Yep, their pu55y hats cut off circulation to their meager brains. They still blame Reagan for all manner of things, as if he rendered things irreparable. Fact is marxists with 3rd world IQs cant build or maintain/fix civilization so they must refrain from even trying, instead casting blame on their opponents in order to obtain or maintain their power. Still waiting for them to point to a single case disproving that reality, but I’m not holding my breath.

I said in the aftermath of bubble 1.0 you can bank on a bubble 2.0 in the near future - all the vultures that made out like bandits are going to go back to that well everytime until they cant. Now with the Peoples’ Warrior in charge, their plans have been foiled. Dont think Trump wont lock those SoBs up? Try him. I’m about to write another proposal to the white house to knee cap high frequency trading in order to return the stock market to some semblance of value and I wouldnt at all be surprised if it gets adopted.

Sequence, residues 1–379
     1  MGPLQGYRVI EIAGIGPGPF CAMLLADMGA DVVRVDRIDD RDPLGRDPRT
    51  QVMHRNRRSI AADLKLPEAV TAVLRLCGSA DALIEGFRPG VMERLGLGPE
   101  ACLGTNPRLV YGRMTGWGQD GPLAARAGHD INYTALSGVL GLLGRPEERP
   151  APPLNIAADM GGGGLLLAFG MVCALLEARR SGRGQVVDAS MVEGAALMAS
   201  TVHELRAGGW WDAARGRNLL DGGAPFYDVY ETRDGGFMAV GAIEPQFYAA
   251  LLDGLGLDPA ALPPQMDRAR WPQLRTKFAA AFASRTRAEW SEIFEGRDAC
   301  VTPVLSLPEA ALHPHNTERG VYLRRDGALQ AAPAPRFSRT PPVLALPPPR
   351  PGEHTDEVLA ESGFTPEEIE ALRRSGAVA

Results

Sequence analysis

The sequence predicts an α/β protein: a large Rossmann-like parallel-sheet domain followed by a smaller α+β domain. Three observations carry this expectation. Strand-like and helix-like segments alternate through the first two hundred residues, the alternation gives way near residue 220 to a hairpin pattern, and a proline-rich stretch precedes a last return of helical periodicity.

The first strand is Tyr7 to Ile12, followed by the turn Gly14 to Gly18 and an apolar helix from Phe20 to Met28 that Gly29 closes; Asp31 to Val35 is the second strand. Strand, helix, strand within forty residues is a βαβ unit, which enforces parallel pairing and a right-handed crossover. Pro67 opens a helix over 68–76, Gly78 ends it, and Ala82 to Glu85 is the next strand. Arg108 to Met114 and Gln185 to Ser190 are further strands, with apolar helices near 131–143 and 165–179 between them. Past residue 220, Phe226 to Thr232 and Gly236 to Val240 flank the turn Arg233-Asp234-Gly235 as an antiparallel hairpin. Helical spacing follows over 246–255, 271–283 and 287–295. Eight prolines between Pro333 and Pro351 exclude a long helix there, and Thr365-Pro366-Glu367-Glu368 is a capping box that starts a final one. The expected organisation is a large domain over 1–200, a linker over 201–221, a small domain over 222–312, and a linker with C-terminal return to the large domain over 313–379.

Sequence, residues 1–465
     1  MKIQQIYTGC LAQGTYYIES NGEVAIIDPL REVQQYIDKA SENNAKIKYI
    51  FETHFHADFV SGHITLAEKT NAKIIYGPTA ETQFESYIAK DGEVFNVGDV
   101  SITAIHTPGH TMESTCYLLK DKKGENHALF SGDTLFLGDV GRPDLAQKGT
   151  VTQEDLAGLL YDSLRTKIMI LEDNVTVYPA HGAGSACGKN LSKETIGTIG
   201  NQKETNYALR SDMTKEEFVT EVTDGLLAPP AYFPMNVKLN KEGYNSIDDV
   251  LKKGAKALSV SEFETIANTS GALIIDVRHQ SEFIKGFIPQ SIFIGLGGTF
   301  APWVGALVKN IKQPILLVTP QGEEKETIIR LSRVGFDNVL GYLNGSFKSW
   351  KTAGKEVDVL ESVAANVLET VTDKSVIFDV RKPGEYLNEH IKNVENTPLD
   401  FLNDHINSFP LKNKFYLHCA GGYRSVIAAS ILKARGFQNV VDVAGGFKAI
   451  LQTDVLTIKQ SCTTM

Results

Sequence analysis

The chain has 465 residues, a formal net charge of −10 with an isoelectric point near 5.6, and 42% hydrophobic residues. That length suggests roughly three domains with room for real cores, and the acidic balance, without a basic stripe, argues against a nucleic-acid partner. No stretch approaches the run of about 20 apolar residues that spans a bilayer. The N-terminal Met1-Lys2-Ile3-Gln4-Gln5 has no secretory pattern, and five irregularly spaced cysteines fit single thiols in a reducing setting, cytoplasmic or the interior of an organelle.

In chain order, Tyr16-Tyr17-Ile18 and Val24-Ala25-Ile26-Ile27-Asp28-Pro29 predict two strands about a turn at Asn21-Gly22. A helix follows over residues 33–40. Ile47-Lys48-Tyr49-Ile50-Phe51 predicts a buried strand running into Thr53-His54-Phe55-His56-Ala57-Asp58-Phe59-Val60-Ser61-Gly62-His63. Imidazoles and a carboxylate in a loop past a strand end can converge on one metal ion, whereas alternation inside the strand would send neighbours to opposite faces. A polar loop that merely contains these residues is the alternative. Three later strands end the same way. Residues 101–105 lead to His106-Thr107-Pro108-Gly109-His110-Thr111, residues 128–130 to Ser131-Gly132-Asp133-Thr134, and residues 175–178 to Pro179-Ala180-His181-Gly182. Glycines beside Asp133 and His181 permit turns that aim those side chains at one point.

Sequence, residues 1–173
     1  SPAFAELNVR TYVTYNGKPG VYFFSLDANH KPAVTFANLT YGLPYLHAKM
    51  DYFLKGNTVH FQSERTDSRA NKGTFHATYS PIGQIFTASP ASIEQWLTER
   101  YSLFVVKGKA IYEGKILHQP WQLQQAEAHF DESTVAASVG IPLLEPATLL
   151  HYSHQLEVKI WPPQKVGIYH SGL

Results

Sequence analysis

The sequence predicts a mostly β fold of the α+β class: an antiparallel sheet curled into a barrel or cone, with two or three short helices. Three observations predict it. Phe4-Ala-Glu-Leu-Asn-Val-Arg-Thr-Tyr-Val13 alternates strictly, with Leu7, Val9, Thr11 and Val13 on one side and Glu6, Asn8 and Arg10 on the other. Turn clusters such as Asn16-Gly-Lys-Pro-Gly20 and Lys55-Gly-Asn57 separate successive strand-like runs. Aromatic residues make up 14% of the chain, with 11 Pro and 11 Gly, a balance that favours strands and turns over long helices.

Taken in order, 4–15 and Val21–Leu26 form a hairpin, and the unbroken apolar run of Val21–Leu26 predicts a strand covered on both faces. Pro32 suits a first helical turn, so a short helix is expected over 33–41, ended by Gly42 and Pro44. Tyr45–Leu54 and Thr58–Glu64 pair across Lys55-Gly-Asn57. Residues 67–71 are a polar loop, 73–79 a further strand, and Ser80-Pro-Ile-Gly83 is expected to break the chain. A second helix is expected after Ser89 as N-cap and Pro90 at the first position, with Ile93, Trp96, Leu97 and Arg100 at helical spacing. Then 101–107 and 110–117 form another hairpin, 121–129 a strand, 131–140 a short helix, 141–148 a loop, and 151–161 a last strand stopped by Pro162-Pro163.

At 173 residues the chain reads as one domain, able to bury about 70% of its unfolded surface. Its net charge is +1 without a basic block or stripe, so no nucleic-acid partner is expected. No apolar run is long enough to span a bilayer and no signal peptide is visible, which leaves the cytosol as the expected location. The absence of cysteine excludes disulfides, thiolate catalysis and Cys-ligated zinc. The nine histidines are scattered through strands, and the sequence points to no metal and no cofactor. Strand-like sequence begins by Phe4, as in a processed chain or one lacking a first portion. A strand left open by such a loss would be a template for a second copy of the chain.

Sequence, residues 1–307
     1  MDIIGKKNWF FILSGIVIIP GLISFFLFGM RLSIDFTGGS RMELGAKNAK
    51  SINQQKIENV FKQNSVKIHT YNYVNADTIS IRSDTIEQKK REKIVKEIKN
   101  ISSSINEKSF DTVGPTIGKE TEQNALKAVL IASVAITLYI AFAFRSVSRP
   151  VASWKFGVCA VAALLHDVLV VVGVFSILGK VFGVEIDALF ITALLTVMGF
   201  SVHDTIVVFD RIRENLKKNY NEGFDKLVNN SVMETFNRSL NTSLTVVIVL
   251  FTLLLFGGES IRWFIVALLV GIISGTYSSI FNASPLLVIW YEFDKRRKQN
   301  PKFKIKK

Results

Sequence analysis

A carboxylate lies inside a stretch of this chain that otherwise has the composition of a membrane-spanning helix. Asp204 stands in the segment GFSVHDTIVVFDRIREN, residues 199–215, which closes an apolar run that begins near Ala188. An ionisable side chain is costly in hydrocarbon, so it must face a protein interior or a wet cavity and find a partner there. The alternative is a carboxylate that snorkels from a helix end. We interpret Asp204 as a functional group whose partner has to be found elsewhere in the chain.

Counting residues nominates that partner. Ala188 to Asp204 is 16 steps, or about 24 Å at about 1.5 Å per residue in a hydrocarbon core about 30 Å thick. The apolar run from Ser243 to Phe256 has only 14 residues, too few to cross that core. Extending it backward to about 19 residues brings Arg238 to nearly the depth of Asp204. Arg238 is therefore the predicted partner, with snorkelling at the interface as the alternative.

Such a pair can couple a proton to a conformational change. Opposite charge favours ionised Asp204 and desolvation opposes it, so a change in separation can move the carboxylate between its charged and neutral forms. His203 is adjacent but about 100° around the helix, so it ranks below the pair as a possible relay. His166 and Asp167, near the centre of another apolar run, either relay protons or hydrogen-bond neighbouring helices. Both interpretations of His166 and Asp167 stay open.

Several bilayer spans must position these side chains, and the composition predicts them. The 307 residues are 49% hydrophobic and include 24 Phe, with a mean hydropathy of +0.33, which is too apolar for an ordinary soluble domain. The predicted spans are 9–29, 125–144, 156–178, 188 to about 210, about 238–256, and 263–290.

(Comments wont nest below this level)
Comment by MacBeth
2018-07-07 18:22:29

Do me a favor - also ask for a return to the gold standard. Doing so would solve a great deal and in short order. Specuvestors would lose their shirts - something that I am very much in favor of as they are destroying this country’s standard of living, and doing so willingly and with much relish.

Enough is enough. Time to draw the line in the sand.

Comment by Albuquerquedan
2018-07-07 15:20:54